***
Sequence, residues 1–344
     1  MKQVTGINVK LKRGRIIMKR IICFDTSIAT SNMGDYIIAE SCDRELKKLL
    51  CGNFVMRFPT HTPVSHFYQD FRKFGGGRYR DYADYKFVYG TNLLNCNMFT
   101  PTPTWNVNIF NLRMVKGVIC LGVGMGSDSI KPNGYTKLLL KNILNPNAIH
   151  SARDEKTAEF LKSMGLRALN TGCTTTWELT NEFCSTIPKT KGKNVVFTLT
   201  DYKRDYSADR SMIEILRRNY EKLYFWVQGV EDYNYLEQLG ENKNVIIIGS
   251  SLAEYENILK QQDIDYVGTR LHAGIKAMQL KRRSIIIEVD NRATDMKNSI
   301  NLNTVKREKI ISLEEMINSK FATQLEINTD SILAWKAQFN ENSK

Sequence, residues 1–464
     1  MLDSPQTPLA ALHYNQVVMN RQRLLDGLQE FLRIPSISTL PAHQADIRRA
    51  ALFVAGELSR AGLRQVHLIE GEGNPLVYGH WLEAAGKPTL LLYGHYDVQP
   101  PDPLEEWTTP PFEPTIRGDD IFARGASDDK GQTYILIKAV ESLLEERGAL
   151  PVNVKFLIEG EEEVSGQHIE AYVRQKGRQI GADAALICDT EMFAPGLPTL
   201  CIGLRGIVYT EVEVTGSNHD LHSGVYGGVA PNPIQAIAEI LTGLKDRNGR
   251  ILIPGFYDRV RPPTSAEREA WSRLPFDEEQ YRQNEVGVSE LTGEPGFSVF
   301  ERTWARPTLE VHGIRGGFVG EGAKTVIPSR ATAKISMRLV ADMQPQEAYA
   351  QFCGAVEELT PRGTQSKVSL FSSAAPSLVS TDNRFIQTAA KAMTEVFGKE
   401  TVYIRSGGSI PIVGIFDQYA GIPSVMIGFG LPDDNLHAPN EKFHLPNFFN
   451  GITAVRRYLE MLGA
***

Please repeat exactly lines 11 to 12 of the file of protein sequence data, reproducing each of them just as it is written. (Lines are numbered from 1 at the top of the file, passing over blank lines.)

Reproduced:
    51  ALFVAGELSR AGLRQVHLIE GEGNPLVYGH WLEAAGKPTL LLYGHYDVQP
   101  PDPLEEWTTP PFEPTIRGDD IFARGASDDK GQTYILIKAV ESLLEERGAL